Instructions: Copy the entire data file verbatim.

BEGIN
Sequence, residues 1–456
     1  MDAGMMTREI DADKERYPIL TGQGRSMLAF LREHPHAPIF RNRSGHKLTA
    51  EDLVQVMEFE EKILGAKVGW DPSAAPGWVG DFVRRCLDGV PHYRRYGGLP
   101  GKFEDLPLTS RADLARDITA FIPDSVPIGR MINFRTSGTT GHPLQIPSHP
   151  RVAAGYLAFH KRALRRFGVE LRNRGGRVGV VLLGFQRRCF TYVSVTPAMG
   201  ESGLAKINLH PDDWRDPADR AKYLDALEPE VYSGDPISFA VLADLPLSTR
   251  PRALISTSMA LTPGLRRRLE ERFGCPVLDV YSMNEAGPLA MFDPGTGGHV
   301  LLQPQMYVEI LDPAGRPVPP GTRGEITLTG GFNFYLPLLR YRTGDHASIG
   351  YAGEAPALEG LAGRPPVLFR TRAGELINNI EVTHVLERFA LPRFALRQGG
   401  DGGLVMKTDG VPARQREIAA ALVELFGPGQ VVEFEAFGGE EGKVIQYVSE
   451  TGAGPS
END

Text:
Sequence, residues 1–456
     1  MDAGMMTREI DADKERYPIL TGQGRSMLAF LREHPHAPIF RNRSGHKLTA
    51  EDLVQVMEFE EKILGAKVGW DPSAAPGWVG DFVRRCLDGV PHYRRYGGLP
   101  GKFEDLPLTS RADLARDITA FIPDSVPIGR MINFRTSGTT GHPLQIPSHP
   151  RVAAGYLAFH KRALRRFGVE LRNRGGRVGV VLLGFQRRCF TYVSVTPAMG
   201  ESGLAKINLH PDDWRDPADR AKYLDALEPE VYSGDPISFA VLADLPLSTR
   251  PRALISTSMA LTPGLRRRLE ERFGCPVLDV YSMNEAGPLA MFDPGTGGHV
   301  LLQPQMYVEI LDPAGRPVPP GTRGEITLTG GFNFYLPLLR YRTGDHASIG
   351  YAGEAPALEG LAGRPPVLFR TRAGELINNI EVTHVLERFA LPRFALRQGG
   401  DGGLVMKTDG VPARQREIAA ALVELFGPGQ VVEFEAFGGE EGKVIQYVSE
   451  TGAGPS